PBS’ ‘P.O.V.’ Airs Film on HIV/AIDS in South Africa
PBS' "P.O.V.," a showcase for independent non-fiction films, tonight will air "State of Denial," which profiles six HIV-positive people in South Africa who encounter "social stigma, a severe lack of access" to HIV/AIDS medications and South African President Thabo Mbeki's "controversial stance" on the connection between HIV and AIDS. The program's companion Web site includes an article by Pulitzer Prize-winning author Samantha Power on Zackie Achmat, the HIV-positive head of the South African AIDS treatment advocacy group Treatment Action Campaign. The article, which was originally published in the New Yorker in May 2003, is available online. The Web site also includes a selection of columns from the Sowetan, the country's largest newspaper, written by HIV-positive South African journalist Lucky Mazibuko; online HIV/AIDS resources; an online discussion board; and an update on developments since filming ended. The site also features comments from Dr. Gene Copello, executive director of Florida AIDS Action and co-chair of the Southern AIDS Coalition; Dr. Harold Jaffe, director of the CDC's National Center for HIV, STD and TB Prevention; Matt James, senior vice president for media and public education at the Kaiser Family Foundation and executive director of kaisernetwork.org; and Phill Wilson, director and founder of the Black AIDS Institute (Epstein, "State of Denial," P.O.V., PBS, 9/16). Check local PBS listings for show times.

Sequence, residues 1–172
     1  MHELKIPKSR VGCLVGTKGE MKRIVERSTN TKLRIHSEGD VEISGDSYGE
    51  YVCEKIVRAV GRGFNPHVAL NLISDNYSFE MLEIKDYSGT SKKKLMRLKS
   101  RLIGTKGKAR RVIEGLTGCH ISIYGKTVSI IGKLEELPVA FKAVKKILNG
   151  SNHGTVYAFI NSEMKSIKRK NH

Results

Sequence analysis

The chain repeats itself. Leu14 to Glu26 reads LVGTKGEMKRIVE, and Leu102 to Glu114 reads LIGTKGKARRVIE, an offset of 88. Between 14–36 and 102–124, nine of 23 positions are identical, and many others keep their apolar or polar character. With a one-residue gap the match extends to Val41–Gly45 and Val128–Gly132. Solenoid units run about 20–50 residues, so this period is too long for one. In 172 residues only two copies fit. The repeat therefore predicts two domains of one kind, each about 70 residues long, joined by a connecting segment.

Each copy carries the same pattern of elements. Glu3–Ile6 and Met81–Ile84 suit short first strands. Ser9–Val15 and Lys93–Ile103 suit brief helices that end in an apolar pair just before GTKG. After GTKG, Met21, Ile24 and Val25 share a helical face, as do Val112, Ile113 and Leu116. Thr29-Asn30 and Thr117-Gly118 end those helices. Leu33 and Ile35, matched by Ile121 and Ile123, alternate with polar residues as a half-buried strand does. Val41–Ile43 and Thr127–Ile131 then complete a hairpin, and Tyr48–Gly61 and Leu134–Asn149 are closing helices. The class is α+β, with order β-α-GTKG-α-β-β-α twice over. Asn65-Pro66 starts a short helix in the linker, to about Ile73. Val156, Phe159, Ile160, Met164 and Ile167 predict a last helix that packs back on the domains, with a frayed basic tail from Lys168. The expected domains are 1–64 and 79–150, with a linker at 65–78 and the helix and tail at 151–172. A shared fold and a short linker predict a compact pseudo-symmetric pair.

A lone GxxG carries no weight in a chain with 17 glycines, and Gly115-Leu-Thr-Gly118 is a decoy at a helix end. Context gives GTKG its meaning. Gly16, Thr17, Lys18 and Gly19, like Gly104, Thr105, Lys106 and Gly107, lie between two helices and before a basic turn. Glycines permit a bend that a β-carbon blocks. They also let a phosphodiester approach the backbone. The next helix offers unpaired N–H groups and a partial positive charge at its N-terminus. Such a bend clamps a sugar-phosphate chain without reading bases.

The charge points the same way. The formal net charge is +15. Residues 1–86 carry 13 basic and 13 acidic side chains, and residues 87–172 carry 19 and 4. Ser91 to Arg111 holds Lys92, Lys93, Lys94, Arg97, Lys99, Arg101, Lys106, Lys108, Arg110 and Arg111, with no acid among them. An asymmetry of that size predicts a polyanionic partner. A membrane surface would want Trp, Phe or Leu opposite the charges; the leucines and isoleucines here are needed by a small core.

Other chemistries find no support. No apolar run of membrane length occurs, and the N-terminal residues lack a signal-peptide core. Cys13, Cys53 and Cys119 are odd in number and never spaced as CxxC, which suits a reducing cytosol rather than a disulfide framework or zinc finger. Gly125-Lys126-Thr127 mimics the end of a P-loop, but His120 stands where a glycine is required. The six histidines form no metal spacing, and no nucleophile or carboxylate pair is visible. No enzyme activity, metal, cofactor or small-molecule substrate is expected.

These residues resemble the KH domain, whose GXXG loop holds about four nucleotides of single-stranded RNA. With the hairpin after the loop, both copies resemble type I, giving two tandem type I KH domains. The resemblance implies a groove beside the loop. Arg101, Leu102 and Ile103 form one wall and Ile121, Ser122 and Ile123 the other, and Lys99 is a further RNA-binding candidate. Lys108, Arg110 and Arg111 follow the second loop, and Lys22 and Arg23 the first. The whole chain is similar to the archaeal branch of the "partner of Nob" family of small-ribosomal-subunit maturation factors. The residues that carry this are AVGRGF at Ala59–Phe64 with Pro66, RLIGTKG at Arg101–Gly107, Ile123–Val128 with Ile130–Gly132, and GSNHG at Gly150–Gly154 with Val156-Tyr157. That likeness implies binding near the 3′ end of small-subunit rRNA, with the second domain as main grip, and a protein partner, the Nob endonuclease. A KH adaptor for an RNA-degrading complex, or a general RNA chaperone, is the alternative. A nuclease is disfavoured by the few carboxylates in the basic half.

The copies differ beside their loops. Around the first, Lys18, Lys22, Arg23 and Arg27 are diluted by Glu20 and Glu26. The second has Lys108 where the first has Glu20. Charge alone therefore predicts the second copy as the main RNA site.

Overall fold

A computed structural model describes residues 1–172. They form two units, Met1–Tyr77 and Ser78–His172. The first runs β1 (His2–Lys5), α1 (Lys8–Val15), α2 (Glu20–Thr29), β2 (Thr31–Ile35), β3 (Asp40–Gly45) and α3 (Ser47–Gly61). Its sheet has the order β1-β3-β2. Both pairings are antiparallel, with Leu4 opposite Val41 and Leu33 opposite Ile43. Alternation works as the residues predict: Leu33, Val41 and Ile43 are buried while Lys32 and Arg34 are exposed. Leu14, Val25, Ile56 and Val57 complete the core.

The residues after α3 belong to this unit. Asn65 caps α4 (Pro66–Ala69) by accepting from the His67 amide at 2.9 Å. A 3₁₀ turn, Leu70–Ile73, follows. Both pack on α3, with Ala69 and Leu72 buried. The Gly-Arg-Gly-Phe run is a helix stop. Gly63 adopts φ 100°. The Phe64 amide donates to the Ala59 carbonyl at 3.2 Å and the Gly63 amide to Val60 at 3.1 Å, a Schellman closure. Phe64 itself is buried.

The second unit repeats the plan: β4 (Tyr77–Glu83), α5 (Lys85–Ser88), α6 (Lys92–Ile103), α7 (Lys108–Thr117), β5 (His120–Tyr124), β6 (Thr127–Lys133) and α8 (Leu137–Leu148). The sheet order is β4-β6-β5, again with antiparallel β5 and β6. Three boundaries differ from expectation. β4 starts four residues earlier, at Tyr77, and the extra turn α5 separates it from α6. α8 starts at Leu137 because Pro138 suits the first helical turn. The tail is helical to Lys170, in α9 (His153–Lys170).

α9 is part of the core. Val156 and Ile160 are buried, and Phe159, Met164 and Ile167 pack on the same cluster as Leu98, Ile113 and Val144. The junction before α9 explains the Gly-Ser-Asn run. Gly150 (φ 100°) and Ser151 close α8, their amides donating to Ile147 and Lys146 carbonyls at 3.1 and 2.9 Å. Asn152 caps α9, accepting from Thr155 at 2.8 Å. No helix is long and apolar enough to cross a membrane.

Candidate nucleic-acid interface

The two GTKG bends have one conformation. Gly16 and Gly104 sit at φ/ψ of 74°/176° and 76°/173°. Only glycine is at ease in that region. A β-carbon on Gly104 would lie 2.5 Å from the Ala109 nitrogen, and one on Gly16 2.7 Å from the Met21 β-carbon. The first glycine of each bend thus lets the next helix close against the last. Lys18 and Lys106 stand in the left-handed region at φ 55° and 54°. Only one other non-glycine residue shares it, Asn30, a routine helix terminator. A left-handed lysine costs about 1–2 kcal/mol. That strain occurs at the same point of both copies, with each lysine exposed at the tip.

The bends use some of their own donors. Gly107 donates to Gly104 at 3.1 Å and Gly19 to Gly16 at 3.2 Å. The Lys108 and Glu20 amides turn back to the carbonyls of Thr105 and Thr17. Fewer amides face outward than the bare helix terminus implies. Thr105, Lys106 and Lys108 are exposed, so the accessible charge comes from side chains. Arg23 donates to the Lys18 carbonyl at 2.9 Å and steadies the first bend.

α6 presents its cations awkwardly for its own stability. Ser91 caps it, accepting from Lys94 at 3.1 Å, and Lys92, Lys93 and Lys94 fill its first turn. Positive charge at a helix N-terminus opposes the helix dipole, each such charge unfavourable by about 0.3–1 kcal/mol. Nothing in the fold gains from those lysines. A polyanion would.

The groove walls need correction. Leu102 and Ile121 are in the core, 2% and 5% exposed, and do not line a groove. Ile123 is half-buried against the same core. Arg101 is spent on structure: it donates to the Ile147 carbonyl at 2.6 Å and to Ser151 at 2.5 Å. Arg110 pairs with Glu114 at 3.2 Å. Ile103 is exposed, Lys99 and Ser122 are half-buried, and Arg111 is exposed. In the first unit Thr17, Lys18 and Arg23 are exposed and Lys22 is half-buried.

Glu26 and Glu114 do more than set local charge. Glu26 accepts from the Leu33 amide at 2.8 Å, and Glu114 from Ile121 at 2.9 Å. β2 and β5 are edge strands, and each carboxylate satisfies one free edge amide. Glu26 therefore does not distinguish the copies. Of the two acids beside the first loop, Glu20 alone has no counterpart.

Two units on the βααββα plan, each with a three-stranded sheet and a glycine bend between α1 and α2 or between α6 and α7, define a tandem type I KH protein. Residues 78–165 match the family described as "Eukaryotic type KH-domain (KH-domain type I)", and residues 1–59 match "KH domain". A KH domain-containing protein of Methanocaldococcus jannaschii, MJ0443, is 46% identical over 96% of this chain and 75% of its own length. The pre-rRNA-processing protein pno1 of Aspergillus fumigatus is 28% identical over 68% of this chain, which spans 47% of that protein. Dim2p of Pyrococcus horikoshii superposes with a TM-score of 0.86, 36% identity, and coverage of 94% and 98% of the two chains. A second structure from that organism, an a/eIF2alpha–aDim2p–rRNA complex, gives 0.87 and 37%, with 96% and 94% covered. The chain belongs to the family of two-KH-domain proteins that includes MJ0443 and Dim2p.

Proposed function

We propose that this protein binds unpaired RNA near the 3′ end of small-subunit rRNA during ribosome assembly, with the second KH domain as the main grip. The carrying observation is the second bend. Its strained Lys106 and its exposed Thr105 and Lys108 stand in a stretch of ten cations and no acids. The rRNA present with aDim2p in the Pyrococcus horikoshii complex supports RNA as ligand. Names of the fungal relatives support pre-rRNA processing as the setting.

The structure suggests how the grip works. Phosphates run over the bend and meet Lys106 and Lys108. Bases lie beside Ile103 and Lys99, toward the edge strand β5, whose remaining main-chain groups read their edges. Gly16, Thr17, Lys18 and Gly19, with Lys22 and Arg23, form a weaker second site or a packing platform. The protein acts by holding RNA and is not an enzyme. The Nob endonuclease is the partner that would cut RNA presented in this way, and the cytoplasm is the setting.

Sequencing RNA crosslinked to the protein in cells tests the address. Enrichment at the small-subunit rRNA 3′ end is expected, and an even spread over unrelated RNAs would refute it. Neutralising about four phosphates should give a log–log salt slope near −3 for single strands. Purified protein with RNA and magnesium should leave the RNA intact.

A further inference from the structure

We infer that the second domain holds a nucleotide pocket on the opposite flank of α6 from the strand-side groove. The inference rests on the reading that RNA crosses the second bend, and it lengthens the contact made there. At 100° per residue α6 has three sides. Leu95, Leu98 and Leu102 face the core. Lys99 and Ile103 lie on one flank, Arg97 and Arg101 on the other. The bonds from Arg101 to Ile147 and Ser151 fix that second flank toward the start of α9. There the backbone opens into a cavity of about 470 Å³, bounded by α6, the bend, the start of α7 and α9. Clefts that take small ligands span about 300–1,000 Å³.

The film's trailer is available online in RealPlayer.